It will soon be summer, and your residence will be getting plenty toasty. But, what makes sweat bead on your brow is the thought of buying a new residential HVAC system to survive the summer. How can you possibly know what to ask your HVAC contractor, which air conditioning system to buy, and how it will affect your energy bill? Then, what if you live in an apartment building that has a restriction on window units.
Well, don’t break a sweat, because we have got all the information right here.
The key to comfortable and cost-effective cooling is to find the AC unit that fits your space. If you choose a too-small unit, it will constantly run to keep up with the rising heat. If you have a unit that is too powerful, the room will cool very quickly. So quickly that it will turn off before the humidity has been removed from the room, giving the atmosphere a clammy/refrigerator feel to it. Furthermore, shorter power cycles have a more significant strain on the machine, shortening its lifespan.
Energy efficiency is another factor.
You need to carefully study the EER (Energy Efficiency Rating) to understand how the unit will operate when the temperatures are 95°F outside. An AC unit labelled with the Green Energy Star indicates the unit’s operations surpass government efficiency standards. Still, no matter how well-matched or how efficient your AC unit is, if you have not insulated your home, you will never be as perfectly comfortable as you could be. Furthermore, this is not a cost-effective way to cool your space.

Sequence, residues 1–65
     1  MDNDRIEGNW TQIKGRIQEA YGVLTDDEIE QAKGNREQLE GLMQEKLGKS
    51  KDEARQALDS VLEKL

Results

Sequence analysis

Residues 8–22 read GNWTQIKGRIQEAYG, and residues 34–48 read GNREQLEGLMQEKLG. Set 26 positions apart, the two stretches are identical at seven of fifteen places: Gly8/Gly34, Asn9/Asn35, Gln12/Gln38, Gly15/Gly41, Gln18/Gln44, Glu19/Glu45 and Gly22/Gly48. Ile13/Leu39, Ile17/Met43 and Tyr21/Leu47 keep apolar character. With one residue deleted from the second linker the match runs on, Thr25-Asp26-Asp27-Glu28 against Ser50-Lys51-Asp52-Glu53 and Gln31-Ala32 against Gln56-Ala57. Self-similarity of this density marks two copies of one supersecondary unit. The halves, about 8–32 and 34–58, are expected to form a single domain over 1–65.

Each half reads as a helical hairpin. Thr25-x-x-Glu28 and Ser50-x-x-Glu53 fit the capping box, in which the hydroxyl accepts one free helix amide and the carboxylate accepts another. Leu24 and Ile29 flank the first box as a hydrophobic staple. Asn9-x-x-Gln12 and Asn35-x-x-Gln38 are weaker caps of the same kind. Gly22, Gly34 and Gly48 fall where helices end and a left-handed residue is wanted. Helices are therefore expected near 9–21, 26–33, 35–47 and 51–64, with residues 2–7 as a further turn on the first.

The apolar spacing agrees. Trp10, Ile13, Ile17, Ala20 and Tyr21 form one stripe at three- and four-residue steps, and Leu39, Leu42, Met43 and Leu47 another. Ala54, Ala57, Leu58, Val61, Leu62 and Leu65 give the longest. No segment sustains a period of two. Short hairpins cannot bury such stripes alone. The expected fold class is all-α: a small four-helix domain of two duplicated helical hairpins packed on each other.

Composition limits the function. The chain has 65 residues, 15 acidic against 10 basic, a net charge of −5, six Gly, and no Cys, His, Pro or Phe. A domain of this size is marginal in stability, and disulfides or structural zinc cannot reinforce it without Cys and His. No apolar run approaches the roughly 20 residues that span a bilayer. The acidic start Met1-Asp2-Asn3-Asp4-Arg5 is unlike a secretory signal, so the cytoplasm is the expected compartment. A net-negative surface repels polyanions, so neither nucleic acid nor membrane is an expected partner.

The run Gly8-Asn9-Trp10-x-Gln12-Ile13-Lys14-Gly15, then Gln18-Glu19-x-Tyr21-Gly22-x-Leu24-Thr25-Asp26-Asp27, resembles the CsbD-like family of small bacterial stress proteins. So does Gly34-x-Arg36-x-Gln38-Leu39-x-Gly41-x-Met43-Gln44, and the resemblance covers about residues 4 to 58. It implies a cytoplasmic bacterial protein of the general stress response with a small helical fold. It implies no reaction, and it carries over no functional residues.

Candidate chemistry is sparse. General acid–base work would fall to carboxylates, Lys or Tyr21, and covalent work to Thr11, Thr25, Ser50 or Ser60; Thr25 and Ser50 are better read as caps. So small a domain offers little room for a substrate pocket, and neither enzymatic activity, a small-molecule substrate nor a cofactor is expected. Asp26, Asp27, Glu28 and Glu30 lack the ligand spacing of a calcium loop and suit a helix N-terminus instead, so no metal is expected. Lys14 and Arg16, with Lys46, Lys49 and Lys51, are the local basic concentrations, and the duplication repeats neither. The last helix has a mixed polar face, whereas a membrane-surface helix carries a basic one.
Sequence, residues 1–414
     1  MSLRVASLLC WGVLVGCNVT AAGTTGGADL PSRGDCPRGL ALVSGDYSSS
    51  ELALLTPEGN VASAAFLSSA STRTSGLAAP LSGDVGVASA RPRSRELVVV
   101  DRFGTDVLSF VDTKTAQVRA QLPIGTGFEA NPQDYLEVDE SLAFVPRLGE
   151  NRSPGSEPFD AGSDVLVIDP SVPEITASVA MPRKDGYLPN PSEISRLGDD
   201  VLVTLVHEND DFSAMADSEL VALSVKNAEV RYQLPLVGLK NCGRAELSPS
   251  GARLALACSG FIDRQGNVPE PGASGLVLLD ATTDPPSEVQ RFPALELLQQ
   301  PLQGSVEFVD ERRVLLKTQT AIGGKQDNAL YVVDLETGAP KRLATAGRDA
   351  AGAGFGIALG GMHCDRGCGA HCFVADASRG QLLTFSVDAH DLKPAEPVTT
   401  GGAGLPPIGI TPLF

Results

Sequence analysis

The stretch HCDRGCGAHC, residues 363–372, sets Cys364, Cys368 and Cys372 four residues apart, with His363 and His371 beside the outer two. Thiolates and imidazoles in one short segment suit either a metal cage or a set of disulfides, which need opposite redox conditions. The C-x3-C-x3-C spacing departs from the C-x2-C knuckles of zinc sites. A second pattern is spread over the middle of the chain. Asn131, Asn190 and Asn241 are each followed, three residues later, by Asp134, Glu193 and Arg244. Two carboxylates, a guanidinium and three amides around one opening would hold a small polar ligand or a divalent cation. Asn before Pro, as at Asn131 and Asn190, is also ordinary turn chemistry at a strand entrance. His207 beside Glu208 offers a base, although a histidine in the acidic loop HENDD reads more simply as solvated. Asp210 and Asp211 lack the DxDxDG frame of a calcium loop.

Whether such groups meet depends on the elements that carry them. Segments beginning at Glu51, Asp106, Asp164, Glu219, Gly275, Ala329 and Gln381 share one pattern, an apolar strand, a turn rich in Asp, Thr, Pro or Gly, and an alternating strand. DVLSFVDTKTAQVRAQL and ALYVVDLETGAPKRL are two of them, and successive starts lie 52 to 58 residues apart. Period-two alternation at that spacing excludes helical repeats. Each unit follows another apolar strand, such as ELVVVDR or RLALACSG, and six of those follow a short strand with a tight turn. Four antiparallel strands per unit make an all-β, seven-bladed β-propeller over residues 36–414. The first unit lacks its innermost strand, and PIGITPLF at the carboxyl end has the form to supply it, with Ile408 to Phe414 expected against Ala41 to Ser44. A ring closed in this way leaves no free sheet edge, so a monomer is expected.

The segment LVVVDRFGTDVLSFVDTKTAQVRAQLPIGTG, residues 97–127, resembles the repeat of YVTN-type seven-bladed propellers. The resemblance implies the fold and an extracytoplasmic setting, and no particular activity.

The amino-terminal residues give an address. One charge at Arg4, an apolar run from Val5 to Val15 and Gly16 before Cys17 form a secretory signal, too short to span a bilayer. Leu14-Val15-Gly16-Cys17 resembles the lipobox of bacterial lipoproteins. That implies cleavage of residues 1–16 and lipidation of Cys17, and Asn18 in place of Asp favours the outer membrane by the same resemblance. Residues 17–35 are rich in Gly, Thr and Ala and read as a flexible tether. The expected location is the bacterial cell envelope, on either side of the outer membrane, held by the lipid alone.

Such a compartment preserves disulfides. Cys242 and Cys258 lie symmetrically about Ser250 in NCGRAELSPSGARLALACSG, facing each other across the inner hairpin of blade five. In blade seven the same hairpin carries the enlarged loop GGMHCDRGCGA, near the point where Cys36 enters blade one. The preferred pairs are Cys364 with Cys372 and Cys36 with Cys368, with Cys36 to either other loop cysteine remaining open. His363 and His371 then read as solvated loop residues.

With this critical point in mind, let’s take a closer look at some of the essential factors in choosing the proper air-con for your home.
You need to carefully study the EER (Energy Efficiency Rating) to get a good idea of how the unit will operate when the temperatures are 95°F outside. An AC unit labeled with the Green Energy Star indicates the unit’s operations surpass government efficiency standards. Still, no matter how well-matched or how efficient your AC unit is, if you have not insulated your home, you will never be as perfectly comfortable as you could be. Furthermore, this is not a cost effective way to cool your space.
With this important point in mind, let’s take a closer look at some of the important factors in choosing the right air-con for your home.
Central air conditioning is one of the most popular ways to cool a home in the US. According to the statistics by the United States Energy Information Administration, over 75% of all homes in the US are cooled with central air conditioning.
But, New York City is a major exception to the rule. Why? Because the building stock here is far older than most cities in the US. According to the NYC Department of Buildings, over 75% of all buildings in New York City were built before 1960. This means that they were built before the advent of central air conditioning. To have a central air unit retrofitted to an older building requires installing a condenser outside the building. Then there will be a fan and duct system applied to the home. All this requires plenty of cash. But, even worse, it requires a lot of space and that is in short supply.